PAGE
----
Tony Mercurio of Punta Gorda, Fla., who served in the 24th Infantry Division as a gun-toting, front line rifleman near the end of the Korean War, spent the remainder of his life fighting the Veterans Administration over his teeth or the lack of ’em.
“I was drafted in ’53 and sent to Fort Riley, Kan. for basic training,” the 81-year-old former soldier said. “While in basic I wound up with a mouth infection and lost all my teeth.
“While recovering in the base hospital a full bird colonel told me, ‘Soldier don’t worry about a thing. The government is gonna take care of your mouth for the rest of your life.’ It didn’t happen.
“From Fort Riley I was sent by train across the country to Seattle, Wash. where I was supposed to board a troop ship for Korea. I was still in the Repo Depo three days later and went to see the officer in charge to see when I was going overseas.
“They finally put me on a ship to Japan. Fifteen days later I arrived in Sasabo, Japan but my orders were all mixed up. They didn’t know what to do with me, so they sent me to a chemical, biological and radiological training school.
“Armed with my diploma after graduation I was all fired up to go to Korea and teach the troops what I had learned. I arrived in Pusan, South Korea and was immediately put on a landing boat that sailed for the POW camp run by the Americans at Kobe-Do Island, South Korea. I had been reclassified an MP.
“Armed with a .45 caliber ‘grease-gun’ and a .45 pistol on my belt I guarded the perimeter of a camp that had no POWs. I didn’t mind it a bit because we lived in Quonset huts on base and had a good life.
“That all changed when the 24th Division was ordered to replace another division serving on the front lines 250 miles to the north. Twenty-four of us took a little convoy of 7 Jeeps, a 3/4-ton truck and a ‘Deuce-and-a-half’ north. It was supposed to be a five-day trip.
“I was in the ‘Deuce-and-a-half that was bringing up the rear of the convoy. By this time it was November or December and cold. It was so cold they issued us two pairs of long underwear and two pairs of fatigues. I had them all on at the same time,” Mercurio recalled.
“The rest of the convoy drove off and left us the second day out. We started up this one-lane road up the side of a mountain and ran out of gas half way up,” he said. “A helicopter was sent up to find out what happened to us. It found us standing in the middle of the road pointing at an empty gas can. Three or four hours later a gasoline tanker truck was dispatched to our rescue.
“Seven days after we started north in the Army truck we arrived in Yan-Gu and found the rest of our convoy.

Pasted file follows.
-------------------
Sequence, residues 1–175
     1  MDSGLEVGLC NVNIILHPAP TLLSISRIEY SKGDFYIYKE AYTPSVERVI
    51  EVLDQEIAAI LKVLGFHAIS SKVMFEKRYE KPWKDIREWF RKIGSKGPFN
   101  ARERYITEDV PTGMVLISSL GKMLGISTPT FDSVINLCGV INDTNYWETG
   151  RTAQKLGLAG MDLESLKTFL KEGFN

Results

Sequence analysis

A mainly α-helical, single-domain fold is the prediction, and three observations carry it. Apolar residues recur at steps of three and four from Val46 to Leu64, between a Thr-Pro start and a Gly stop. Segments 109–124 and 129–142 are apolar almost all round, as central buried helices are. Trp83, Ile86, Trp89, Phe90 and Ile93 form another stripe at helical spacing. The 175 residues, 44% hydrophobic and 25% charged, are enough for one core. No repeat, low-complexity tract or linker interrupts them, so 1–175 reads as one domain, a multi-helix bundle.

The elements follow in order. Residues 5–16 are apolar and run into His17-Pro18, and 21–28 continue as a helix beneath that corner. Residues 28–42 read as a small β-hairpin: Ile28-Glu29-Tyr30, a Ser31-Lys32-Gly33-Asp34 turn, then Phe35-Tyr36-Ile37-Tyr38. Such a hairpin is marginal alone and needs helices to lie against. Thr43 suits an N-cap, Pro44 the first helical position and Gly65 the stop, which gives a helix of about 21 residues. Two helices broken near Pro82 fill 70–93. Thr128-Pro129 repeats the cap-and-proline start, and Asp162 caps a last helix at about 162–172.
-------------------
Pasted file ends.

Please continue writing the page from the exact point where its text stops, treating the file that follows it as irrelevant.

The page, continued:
“At this point we began a three or four months deployment to guard the Demilitarized Zone. We didn’t fire a shot, we just walked up and down a barbed wire fence line.
“We slept in seven-man tents heated with a pot-belled kerosene stove. They gave us one gallon of kerosene a day to keep the tent warm. It wasn’t near enough kerosene, considering how cold it was,” he said. “The temperature was below zero.”
At the end of this deployment, Mercurio’s time in the Army was almost up.
“I returned to Pusan and boarded another troop transport that was headed back to Washington state. The voyage back took 29 days because we ran into a bad storm. You ain’t ever seen so many sick people on one ship.”
After arriving stateside he took a slow moving train cross-country to Fort Dix, N.J. where he was discharged.
“I was 23 by then and couldn’t get my job back working for the New York Central Railroad. So I went to work in a body shop for a while. Eventually I opened my own restaurant.
“After a while my dentures needed some work, so I went to the VA to get them replaced in the 1960s. The VA gave me a bunch of red tape that I would have spent the rest of my life figuring out. I needed teeth so I bought my own,” he said.
“In 1989 I returned to the VA hoping to get my dentures replaced by the federal government. I was given a bunch more red tape by the VA. I told them, ‘You guys promised to take care of me because you took out all my teeth when I was in basic.’
“‘Prove it,’ they told me. I had no hard proof and my records were lost in a 1973 fire, according to the government.
“Again I went to my local dentist and had a new pair of dentures made at my expense.”
“By the time it got to be 2010. I was retired and had plenty of time to take on the VA and its red tape. I finally decided, ‘Damn it, the VA is gonna buy me my new teeth!
“The VA would rather spend $1 million dollars so it didn’t have to buy me new dentures. I worked on the VA’s red tape denture project for thee years and I still don’t have a new set of teeth from the government even though I enlisted the help of U.S. Sen. Bill Nelson (D-Fla.),” he said disgustedly.
Tony and Marian, his wife, moved to Punta Gorda in 1994. The couple has four children: Michael, Cindi, Wayne and Deborah.
Name: Anthony Joseph Mercurio, Jr.
D.O.B: 3 Aug. 1932
Hometown: Syracuse, Ny.
Currently: Punta Gorda Fla.
Entered Service: 8 Dec. 1952
Discharged: 5 Nov. 1954
Rank: Private First Class
Unit: 24th Division U.S. Army
Commendations: Korean Service Medal, United Nations Service Medal, National Defense Service Medal
This story was first published in the Charlotte Sun newspaper, Port Charlotte, Fla. on Wednesday, Sept. 11, 2013 and is republished with permission.
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